The further we hiked the deeper the snow got. Luckily someone had hiked this way before us so we had footprints to follow. They do not blaze trails in this wilderness. We stopped for a snack and as we got up, the guy from the couple we passed hiked up to us and sat down for a break. This was the last time we saw them. The rest of the hike to the top was quite strenuous and the snow got up to twelve inches deep. We found the campsite that was buried in snow and set up camp. An owl talked to us while we worked. This was the first time Lora had done any snow camping and she was quite impressed with the hiking in shorts in the snow. She had seen it in magazines, but never done it. We got a fire going and enjoyed the sunset over the trees. Sometime in the night I woke to a coyote howling and then growling. I guess he saw the tent and wasn’t sure what it was. He growled a couple of times and then I didn’t hear any more from him.

Day two:

We got up and cooked breakfast just outside the tent. It was challenging enough last night making a fire with wet wood so we didn’t even try this morning. We got camp packed up and headed on down the trail. It didn’t take long for us to come to a spring so we filled our water containers up. After that the footprints that we had been following stopped and we had to do our own forging of the trail through the foot deep snow. We ended up hiking in and out of snow all day with the climbs and drops. We got our one and only phone connection at Double Springs Gap. It worked out as we had to update our people of the change in trail plans.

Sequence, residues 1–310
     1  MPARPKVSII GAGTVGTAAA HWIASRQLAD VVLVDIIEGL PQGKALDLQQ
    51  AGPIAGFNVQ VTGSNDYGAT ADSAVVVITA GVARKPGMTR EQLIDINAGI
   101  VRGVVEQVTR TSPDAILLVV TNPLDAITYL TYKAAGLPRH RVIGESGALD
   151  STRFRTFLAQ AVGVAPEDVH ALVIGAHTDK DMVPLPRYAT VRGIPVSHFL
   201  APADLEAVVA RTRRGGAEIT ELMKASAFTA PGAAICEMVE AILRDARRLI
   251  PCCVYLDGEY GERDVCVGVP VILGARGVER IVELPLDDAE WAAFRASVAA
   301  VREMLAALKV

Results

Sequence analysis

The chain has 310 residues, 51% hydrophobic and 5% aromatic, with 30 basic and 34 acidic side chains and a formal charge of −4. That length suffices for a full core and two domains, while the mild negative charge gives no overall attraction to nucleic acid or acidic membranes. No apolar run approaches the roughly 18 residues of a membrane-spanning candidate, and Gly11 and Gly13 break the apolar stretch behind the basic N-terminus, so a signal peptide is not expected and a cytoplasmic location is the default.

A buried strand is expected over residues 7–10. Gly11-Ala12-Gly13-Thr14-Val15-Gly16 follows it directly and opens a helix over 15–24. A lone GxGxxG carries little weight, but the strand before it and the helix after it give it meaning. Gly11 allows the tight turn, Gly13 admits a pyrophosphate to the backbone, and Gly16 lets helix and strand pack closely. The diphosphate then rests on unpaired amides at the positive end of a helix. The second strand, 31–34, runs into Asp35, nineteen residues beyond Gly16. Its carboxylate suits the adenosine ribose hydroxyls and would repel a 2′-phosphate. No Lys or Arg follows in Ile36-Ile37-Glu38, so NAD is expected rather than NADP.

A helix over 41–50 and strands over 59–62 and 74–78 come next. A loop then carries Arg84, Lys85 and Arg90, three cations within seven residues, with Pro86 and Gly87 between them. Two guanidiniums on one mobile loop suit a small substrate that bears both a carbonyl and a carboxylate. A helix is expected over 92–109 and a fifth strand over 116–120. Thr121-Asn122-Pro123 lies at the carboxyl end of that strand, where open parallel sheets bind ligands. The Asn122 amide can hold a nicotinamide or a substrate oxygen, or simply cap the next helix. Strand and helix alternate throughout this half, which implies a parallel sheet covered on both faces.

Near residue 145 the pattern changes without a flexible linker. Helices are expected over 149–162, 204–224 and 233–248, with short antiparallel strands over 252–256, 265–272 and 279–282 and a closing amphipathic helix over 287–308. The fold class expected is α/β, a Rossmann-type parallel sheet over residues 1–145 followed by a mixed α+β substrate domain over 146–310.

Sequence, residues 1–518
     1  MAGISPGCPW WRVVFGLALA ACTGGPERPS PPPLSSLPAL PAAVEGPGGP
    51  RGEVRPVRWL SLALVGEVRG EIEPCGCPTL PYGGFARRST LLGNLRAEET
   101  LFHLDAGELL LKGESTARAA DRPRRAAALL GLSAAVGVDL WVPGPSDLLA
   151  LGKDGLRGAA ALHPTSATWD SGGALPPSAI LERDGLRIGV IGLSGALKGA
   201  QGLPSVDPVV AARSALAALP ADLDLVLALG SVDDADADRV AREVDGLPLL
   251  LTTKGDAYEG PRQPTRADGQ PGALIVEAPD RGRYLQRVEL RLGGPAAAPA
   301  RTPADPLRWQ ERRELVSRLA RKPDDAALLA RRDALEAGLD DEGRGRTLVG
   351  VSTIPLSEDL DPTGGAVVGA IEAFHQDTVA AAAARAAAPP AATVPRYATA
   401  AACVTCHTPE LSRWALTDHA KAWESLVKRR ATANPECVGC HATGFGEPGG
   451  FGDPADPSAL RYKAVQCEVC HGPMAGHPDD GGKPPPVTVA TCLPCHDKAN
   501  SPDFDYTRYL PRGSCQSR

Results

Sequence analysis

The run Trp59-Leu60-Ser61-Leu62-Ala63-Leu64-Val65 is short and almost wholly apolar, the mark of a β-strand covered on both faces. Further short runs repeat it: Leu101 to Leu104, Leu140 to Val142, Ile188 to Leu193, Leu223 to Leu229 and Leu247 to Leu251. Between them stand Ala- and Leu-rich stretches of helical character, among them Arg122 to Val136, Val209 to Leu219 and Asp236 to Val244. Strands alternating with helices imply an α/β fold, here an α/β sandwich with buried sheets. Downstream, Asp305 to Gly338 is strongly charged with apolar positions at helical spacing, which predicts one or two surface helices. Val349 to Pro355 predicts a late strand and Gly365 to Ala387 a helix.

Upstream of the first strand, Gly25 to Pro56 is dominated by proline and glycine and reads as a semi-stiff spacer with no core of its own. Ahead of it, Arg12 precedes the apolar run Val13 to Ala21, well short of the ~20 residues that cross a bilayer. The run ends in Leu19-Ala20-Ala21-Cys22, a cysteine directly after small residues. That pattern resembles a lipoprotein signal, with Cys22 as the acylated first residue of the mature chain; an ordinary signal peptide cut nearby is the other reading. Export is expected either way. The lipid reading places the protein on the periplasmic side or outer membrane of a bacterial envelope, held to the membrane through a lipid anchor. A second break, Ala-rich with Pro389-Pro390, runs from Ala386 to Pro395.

From there we hiked down the Benton MacKaye trail to Jacks River trail. We passed two young boys and their Labordoodle. Never seen a curly haired Lab before. They were hiking up to Big Frog so we notified them of the snow they were about to get into.

The reason we had changed directions on our trail loop was that they were calling for rain tonight and we wanted to get across Jacks River before the rain. The Ranger had said that it gets up fast and drops fast as well. Well, we got to cross it about five times. The river crossings were thigh deep and the river was running fast. The first time across I miss judged the weight of Lora and her pack. I got to the other side and turned around to find her fighting for survival in the middle of the river. I quickly went back and grabbed her as the current was trying to take her away. The second crossing I kept her within reach.